Greenhouse & Indoor PlantsOrchidsOrnamental Plants

An Orchid You can Eat

Vanilla orchids indoors in a greenhouse

Out of the literally thousands of Orchids (of which new species are discovered regularly) there is literally only one specie that is not only edible, but also has a very valuable commercial commodity value as well.

Allow me to introduce Vanilla planifolia. Whether grown for its production value, as the Vanilla pod, or only simply as a collector’s plant, everyone should have one in their own collection. When in bloom the flowers are delightfully fragrant.

Vanilla planifolia is a tropical vine, with some variations in approximately 50 species that belong to a group that includes some of the most primitive orchids. The plant will naturally vine and climb using its leaves and short roots that typically attach themselves to tree trunks. The plant is found widespread throughout the tropics, especially Brazil, tropical Africa, and the West Indies.  The flowers, which are produced from the racemes opposite each leaf axil are large and showy light green, are very short lived, but produced in succession. It is because of this characteristic of the short-lived flowers, that mechanical means of pollination must be used, i.e. pollinated by hand, a time consuming and laborious process. It is also because of the need for hand pollination of the flowers, that the Vanilla bean (pod) demands such a high price in the commercial market.

I personally found that the plant I grew in my own collection did so vigorously and decided the climb upon the highest supports of my redwood greenhouse. With plenty of light and vigorous air circulation it grew and grew but I simply could not convince it to bloom. After doing some research specific to the Vanilla and talking with other Orchid collectors, I discovered one odd, but sure way to make the plant bloom. I carefully removed the plant from the greenhouse rafters and literally “draped” it up and down upon the same support, creating sort of “ups and downs” or “hills and valleys” out of the vine. Not soon after (about 4 months) VOILA! out of each leaf axil, but only where the plant dipped down, came clusters of buds and eventually flowers! Truly remarkable! I meticulously hand pollinated each flower and eventually had my own supply of fragrant, plump, succulent vanilla beans!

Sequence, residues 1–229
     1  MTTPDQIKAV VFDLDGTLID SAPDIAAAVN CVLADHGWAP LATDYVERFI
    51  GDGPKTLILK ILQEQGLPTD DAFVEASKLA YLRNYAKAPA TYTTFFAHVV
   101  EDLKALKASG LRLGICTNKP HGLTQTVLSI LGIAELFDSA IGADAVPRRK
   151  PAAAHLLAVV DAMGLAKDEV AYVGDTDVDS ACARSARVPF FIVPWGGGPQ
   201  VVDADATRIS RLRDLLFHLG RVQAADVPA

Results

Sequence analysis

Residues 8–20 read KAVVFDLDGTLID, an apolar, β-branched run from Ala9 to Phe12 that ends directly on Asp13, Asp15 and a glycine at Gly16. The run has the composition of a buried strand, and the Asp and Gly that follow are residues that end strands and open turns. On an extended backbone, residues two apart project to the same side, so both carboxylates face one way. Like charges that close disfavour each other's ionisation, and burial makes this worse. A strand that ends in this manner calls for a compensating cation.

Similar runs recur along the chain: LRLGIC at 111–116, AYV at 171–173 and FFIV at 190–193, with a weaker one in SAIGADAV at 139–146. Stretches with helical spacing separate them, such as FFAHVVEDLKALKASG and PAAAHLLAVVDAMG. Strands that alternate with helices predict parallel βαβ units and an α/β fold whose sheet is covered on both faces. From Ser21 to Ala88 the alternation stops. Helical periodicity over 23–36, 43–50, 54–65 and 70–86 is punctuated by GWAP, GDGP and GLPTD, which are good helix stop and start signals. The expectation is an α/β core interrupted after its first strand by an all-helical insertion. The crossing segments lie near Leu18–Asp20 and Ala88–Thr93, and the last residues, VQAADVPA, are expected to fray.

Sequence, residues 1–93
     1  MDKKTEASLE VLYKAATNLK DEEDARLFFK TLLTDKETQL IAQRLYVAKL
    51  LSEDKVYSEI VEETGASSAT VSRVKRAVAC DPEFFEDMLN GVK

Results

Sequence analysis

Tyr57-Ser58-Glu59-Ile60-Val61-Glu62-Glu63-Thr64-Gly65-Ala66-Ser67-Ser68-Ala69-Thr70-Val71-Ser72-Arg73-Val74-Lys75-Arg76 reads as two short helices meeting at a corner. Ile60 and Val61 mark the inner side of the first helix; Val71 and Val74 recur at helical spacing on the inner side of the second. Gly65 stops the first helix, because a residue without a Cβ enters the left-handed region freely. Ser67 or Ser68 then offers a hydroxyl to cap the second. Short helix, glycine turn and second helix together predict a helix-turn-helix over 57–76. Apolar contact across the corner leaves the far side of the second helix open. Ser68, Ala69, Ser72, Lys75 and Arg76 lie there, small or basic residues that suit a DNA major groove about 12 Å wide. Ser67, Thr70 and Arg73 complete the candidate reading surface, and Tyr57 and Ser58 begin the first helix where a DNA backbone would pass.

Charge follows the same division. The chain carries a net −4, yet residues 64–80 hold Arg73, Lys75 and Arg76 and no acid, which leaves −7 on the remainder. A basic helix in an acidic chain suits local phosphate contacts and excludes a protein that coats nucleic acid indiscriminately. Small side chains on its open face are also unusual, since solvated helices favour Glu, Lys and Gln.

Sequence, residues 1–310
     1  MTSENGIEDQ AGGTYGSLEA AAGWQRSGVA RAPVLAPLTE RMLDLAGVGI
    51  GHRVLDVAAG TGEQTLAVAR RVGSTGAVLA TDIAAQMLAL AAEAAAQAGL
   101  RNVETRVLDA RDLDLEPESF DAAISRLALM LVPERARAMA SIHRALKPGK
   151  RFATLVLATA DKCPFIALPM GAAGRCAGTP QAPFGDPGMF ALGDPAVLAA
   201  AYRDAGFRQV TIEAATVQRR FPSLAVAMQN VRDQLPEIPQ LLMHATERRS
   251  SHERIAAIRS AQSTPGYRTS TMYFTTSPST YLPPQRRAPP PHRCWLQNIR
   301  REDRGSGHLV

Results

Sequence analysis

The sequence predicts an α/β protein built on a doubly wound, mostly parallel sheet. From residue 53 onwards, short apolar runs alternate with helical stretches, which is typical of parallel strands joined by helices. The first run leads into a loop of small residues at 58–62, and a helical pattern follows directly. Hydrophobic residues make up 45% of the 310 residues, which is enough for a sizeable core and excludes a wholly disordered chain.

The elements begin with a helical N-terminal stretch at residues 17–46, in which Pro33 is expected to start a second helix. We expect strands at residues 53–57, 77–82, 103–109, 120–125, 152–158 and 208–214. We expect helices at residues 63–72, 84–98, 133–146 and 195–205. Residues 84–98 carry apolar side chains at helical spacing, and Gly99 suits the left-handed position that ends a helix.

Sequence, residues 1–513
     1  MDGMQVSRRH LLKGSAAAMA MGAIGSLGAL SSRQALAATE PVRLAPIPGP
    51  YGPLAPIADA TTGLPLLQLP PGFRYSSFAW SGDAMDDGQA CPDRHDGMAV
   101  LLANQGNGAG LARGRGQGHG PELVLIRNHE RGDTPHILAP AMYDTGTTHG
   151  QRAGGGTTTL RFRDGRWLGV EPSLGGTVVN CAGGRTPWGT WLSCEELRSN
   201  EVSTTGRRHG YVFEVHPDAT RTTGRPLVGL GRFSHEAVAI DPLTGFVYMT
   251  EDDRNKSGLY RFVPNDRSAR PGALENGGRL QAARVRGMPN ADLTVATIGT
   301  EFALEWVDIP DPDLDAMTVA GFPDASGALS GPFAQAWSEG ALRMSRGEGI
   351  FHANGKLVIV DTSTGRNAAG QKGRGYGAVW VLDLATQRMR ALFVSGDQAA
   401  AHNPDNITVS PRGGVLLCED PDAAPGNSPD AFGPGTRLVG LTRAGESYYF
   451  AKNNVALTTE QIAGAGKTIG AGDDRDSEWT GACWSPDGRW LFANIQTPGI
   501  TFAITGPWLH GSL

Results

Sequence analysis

I encourage everyone to grow this curious Orchid, it has the capability to give you so much in return!

Tom Capranica has been a hobby collector and hybridizer of Orchids for over 20 years, and an active member of the American Orchid Society for about the same length of time. He grows his Orchids in a 450 sq. ft. climate-controlled greenhouse, containing over 300 plants of various genera, primarily Cattleya.

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